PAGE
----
After summer-long mobilizations against racism, white supremacy, and killer cops, activists in San Antonio continued fighting on several fronts as fall arrived.
Outraged protests have been ongoing since Sept. 15, when officers of the San Antonio Police Department shot and killed Darrell Zemault Sr., a 55-year-old Black man, at his home in southwest San Antonio. The SAPD has repeatedly changed its story, trying to justify the killing. Zemault’s neighbors, who actually witnessed the event, call it outright murder.
According to these witnesses, plainclothes cops arrived in an unmarked van, dragged Zemault from his house, assaulted him, and shot him. Cops refused to allow a neighbor, who is a nurse, attend to her friend while they huddled for 10 minutes in what witnesses characterized as an obvious effort to get their story straight. Meanwhile, Darrell Zemault bled out. When he was finally taken to a hospital by ambulance, he was pronounced dead on arrival.
Police claim they were trying to serve Zemault with a two-month-old warrant, and that Zemault resisted arrest, initiated a physical struggle, and grabbed a cop’s gun. With eyewitnesses disputing that as a patent lie, Zemault’s family and Black Lives Matter activists charge a coverup and demand that the SAPD release the cops’ bodycam footage.
Backed by Mayor Ron Zirenberg, a liberal, the SAPD has refused to release the video footage.
Celeste Brown, a local BLM leader who told reporters Zemault was “like a second father” to her, challenged every part of the SAPD’s story.
Brown said, “I’m out marching and organizing and fighting for policy change and you never think that it’s going to hit home, and it should never have to hit home.
“Let me make one thing very clear, and I’ve said this already, they messed with the right ones because we don’t play this,” she added. “I’m a community organizer, I do this work by day, and now that they’ve hit my family, if they thought that we were bugging City Council for policy change before, if they thought we were marching too much before, they messed with the right ones because Darrell Zemault was not the man they are already painting him out to be.”
Vigils, marches and rallies have demanded justice for Darrell Zemault Sr. Hundreds have also contributed to a fund to help his family. On the hot, sunny afternoon of Sept. 26, hundreds of people stood in a long line to buy plates at a barbeque fundraiser.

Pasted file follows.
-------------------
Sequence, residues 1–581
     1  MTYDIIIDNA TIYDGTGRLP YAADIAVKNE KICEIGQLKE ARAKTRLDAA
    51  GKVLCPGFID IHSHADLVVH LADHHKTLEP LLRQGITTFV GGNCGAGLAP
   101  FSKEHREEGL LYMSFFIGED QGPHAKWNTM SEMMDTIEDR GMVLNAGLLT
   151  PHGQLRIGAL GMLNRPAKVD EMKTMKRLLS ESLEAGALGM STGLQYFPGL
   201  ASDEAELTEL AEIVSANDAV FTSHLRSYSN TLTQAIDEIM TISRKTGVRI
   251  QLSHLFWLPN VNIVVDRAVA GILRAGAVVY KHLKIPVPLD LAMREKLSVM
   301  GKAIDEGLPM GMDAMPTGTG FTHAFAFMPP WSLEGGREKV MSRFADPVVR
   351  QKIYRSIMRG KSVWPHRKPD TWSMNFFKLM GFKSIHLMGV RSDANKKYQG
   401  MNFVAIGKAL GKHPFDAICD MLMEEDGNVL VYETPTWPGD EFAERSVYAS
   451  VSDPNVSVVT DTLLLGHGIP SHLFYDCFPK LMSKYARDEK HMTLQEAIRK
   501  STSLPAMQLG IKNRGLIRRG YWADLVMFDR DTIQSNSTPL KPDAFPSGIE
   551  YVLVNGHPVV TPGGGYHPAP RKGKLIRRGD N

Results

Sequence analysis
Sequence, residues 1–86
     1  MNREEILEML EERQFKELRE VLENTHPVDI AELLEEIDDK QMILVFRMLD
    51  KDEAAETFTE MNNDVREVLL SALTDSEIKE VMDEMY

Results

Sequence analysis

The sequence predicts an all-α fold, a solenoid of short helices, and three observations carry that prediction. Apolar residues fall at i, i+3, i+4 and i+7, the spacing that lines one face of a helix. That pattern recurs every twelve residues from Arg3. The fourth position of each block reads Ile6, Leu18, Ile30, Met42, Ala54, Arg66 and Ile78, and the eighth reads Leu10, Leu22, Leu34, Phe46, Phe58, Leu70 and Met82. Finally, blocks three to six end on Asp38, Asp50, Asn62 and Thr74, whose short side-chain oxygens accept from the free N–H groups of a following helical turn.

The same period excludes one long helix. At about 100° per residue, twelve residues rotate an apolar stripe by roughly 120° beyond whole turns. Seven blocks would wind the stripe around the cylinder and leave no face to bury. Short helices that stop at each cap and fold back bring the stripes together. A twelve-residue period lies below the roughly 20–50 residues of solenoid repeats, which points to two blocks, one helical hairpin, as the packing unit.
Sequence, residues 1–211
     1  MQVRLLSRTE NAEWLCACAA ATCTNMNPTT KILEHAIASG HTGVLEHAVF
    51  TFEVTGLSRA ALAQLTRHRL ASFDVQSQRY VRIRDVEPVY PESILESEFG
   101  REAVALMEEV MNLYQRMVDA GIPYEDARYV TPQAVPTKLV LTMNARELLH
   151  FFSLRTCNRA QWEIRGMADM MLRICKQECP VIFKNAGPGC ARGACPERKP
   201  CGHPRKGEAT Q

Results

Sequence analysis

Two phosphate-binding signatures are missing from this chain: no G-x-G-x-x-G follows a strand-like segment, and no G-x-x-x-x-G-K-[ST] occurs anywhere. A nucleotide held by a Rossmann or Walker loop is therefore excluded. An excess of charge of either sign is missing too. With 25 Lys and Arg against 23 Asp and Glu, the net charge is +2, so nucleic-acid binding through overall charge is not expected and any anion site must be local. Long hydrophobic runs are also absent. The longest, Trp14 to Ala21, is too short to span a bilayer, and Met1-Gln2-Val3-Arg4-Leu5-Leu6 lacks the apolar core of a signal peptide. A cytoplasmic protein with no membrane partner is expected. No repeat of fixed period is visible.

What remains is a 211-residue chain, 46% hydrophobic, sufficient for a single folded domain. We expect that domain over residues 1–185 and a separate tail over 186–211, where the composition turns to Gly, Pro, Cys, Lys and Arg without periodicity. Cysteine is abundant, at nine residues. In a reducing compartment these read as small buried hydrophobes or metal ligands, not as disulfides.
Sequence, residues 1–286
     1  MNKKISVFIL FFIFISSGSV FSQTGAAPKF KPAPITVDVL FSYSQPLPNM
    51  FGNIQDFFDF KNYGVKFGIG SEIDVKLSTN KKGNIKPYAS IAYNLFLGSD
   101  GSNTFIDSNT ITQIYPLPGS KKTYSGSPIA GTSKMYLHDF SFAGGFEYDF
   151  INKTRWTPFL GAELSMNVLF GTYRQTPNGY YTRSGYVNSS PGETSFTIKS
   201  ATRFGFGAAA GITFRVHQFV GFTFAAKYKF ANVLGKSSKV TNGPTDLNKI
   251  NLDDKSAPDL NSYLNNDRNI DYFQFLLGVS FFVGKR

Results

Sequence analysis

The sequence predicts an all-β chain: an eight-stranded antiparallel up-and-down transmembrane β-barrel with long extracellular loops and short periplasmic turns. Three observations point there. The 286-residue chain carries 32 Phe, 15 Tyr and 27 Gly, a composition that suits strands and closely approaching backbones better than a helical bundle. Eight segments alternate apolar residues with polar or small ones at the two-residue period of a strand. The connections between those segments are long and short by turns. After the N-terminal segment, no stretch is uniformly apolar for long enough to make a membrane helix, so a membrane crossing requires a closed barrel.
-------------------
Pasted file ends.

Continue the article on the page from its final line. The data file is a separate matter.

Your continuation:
Cops versus community
Here in San Antonio, a key focus of the upsurge that has swept the country in the wake of the murder of George Floyd in Minneapolis last May 25 has been a drive to cut the police budget and weaken statutory police protections. A group called Fix SAPD is waging a petition drive to show mass public support for its demands.
The demands aim to (1) repeal two chapters of the state government code that basically immunize police from any accountability for their actions; (2) eliminate disciplinary barriers enshrined in the city’s contract with the cop union; and (3) significantly cut the SAPD budget while reallocating the funds to human services.
How has the city government responded? On Sept. 18 the majority-Democratic City Council passed a $2.9 billion budget for 2021 that not only did not reduce police funding—it increased it. The budget boosted the SAPD by $8 million.
It was a slap in the face to the Black community and the fight against white supremacy and killer cops – so clearly that arch-reactionary Texas Gov. Greg Abbott tweeted his congratulations to the City Council.
Fix SAPD organizers say they will keep fighting and gathering signatures to demand structural change.
Meanwhile, cops appear to be targeting individual BLM leaders. On Sept. 9, they arrested a young Black woman on felony child-abandonment charges. Claiming they were acting on an anonymous tip, Bexar County sheriff’s deputies arrived at the woman’s house in the early afternoon and waited there for three hours until she arrived home.
Whatever the truth—or likelier, falsehood, considering the source—of the deputies’ claims about the state of the activist’s household and children, the sheriff’s office focused on identifying her as a BLM organizer and making sure that was highlighted in news reports on the arrest.
All this takes place in the context of steeply rising hunger and houselessness, hitting the Black and Brown communities hardest. The U.S. Census Bureau reported one year ago that San Antonio had the highest poverty rate of any major U.S. city, at 20 percent. No new statistics are in yet, but it’s fair to speculate that this year’s twin crises of pandemic and unemployment have made things much worse. The San Antonio Food Bank reports 125,000 new recipients of its food aid since March of this year.